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One hundred and sixty Massachusetts soldiers are home after a year in Afghanistan. The Massachusetts National Guard’s 379th Engineering Company returned to loved ones in Reading, in Pittsfield and in Bourne, where 13-year-old Ashley Deucey came from Marshfield to greet her dad.
“Friday’s vacation, and he’s bringing me skiing,” she says.
Deucey lives with her grandmother. Her dad is thinking about going back to Afghanistan as a civilian, because the money’s good.
Lots Of Care Packages
In the Bourne armory, Maureen Pert, from Brockton, waits for her son, Richard, who just turned 22. This was his first tour in Afghanistan. It’s been a year of anxiety for his mother.
“Frightening, frightening, most times,” Pert says, “especially when you wouldn’t hear from them, and then you see on the news that there was somebody killed, or injuries or stuff like that, and you wouldn’t know who it was.”
In the past six months, Pert has not had a lot of contact with her son.
“You might hear every couple of weeks,” she says, “and it might be a quick phone call, might be a quick chat on Facebook, ‘Gotta go.’ ”
Pert says she and her husband, Ed, had no idea where in Afghanistan their son was; he wouldn’t tell.
“A lot of care packages,” Maureen Pert says. “Lots of care packages.”
“Let’s put it this way,” Ed Pert says, "he’s coming home with a lot of bags full of products that she sent.”
“He was going to take up guitar lessons,” Maureen Pert says, "cause one of the guys did guitar, so I sent a guitar over there. What else did I send?”
“You sent everything,” her husband replies.
"The sheets,” Maureen Pert says. “I kept saying to him, ‘Did you change the sheets?' 'No, Ma, I’ve hardly slept in the bed.’ ”
"Typical mother, taking care of her baby,” Ed Pert says.
The Perts’ son has just re-enlisted, so he could be deployed again. Maureen is not optimistic about the war in Afghanistan.
“It’s a losing battle at this point,” she says. “I don’t know what they’re going to do. I really don’t. I can’t imagine we’ll be out of there by July, and if we are, why are you still sending people over there? They just had guys from Reading deployed. I’m just glad he’s out of it, so…”
She laughs nervously. She last saw her son at the end of August, when he was home for a 15-day leave.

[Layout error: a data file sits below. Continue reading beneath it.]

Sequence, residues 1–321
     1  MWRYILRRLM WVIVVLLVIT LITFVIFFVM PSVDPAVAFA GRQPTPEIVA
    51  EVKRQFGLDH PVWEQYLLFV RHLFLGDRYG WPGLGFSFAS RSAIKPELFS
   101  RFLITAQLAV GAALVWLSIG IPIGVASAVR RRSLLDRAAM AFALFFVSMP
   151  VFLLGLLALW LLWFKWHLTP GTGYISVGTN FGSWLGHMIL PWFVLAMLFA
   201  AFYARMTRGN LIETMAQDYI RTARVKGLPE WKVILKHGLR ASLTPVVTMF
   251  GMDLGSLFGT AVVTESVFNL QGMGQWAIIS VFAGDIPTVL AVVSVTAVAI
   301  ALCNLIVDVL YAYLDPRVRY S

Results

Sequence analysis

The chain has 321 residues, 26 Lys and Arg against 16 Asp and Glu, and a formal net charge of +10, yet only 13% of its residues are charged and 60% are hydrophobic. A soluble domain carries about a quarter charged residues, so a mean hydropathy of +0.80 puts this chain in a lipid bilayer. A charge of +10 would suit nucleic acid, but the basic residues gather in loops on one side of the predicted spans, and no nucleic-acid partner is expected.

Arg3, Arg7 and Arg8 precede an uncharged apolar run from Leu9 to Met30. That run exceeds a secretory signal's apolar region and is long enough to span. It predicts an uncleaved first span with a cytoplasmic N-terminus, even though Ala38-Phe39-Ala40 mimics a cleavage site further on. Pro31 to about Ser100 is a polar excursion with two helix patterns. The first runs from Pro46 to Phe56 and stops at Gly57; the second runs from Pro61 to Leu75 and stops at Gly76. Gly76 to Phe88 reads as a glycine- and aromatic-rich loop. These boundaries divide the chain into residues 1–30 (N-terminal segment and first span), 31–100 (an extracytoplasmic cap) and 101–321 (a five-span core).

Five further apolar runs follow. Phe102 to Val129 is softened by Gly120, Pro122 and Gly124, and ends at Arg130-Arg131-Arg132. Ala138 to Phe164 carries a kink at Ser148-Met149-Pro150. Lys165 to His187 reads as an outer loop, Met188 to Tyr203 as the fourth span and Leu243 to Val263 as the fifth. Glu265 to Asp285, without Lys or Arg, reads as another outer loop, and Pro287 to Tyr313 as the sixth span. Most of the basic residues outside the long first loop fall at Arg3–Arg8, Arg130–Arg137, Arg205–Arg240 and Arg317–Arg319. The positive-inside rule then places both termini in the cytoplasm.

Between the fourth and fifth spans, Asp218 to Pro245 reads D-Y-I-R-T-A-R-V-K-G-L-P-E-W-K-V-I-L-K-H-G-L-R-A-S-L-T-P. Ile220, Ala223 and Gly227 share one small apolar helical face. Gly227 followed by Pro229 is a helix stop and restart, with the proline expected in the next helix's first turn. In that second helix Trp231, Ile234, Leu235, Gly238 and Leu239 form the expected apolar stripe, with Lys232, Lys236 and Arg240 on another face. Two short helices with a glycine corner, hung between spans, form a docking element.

Tears Meet Broad Smiles
In the middle of the armory, Pat Travers, from Taunton, is waiting in a scooter.
"I’m waiting for all of them,” Travers says. ”My daughter belongs in this group, but she got hurt over in Afghanistan. She’s at Walter Reed Medical Center in [Washington] D.C. She’s been there since she got hit Aug. 3. They were driving one of those new trucks. She still has most surgeries to go through; her eye, a lot of cosmetic surgery has to be done, but she’s in good spirits.”
Travers says it helps her to see all the men and women who served with her daughter in the past seven years. Her daughter, Bree, is 30. She just got married at Walter Reed. Travers last saw her at Thanksgiving and doesn’t anticipate their next reunion until summer.
Slowly, people file out to the front of the armory. Yellow ribbons are tied around the portico’s columns. People hold American flags and cups of coffee. They move up to the road. Some carry flowers. One woman steps gingerly on the ice in her high heels.
As the bus comes into view, cheers break out.
And as the doors open, screams of joy fill the parking lot. Tears meet broad smiles.
“Here he is!” shouts one boy.
Four kids hold up a sign saying: “Welcome Home. We love you, Dad.”
“This is him!” Maureen Pert shouts.” Richie! Rich!” Pert has just found her son.
“I’m happy to be back!” Richard Pert says. “It’s amazing to be back. Scared I wasn’t going to come back for a while, but I’m good now.”
Richard Pert says he’s looking forward to riding his bike. Another soldier tells his family he learned to play hearts and spades while he was deployed. People look for one another in the crowd and the happy din of reunion. It’s a big, confusing scene.
This program aired on February 17, 2011.
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